It was selected in 2013 as the #1 best place for new immigrants in Canada.
A snapshot of its social profile taken nearly 10 years ago, shows:
* Over 1 in 5 (22%) of its residents were born outside Canada.
* Only 1 in 10 belong to a visible minority group. That percentage has likely increased.
* 52% of residents are female.
* Average age is 40. That’s higher than the Canadian average.
Yes, I’m referring to Burlington:
At present, Council members do not reflect many of our key demographics, including our growing diversity.
Let’s take a look at the faces of our leadership. Here are the elected municipal officials in Burlington and Halton….
Do you see a problem, or not? If you do, and it’s important to you, what can or should be done – if anything?
Difficult and delicate questions. However, they should be asked. Especially during an election year.
In terms of the demographic figures above, here’s how the current Council compares to them. As a reminder, we’re talking about 7 individuals representing over 175,000:
* 2 were born outside Canada (to my knowledge). That’s higher than the 2006 survey.
* None belong to a visible minority group.
* Only 2 are female (29%).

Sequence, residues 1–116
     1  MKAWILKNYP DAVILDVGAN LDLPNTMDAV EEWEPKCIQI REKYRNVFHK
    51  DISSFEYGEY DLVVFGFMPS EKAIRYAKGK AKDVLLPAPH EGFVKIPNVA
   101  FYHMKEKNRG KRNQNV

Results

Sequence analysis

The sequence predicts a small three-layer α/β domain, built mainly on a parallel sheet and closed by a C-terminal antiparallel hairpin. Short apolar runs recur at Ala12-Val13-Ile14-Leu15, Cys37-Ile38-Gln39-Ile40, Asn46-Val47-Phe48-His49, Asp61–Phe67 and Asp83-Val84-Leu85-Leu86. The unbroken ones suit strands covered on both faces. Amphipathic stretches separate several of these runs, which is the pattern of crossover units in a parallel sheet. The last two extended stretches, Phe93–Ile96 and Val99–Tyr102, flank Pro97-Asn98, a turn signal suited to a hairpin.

* Average age is far north of 40. Our aging population is well-represented.
City Hall has made efforts to focus on social inclusivity in recent years, such as establishing a volunteer advisory committee in 2008.
I was part of that initial group, acting as Vice-Chair. Its well-meaning mandate continues to be profoundly underfunded and as a result, very limited in making a deep impact (although it does have a nifty logo, as shown above).
We should not rely on government alone in any event. It’s up to you and me.
The subject for this post came, in part, from a recent online comment made by a 2010 candidate (I was also one of those).
She referred to our city still having a “country club attitude” which is “very Burlington”. I took issue with that. Based on my own experience as a “newbie” and “unknown”, I also offered simple ideas for anyone to encourage/support “newbies”, “unknowns”, “youth” in the local political arena (e.g. social media to help promote them).
It’s very early, but other than a young candidate in Ward 4, registered candidates don’t seem ready to break the mold of past elections. Burlington is changing, but perhaps Burlington isn’t ready for political change. Not quite yet.
In terms of a Council representing its community, what matters most?
I believe they must genuinely know and connect to the interests of virtually all residents at the Ward and City levels; and they must have proven leadership and team-building skills to make meaningful long-term contributions (I put listening, caring, integrity at the top).
Ultimately, for me, it’s about community experience and vision.
As we move forward, does Burlington need a more diverse and inclusive Council with broader experience now? My answer is yes. Will it happen? Let’s see.
2014 is the year to make your voice heard, your support known and your vote count.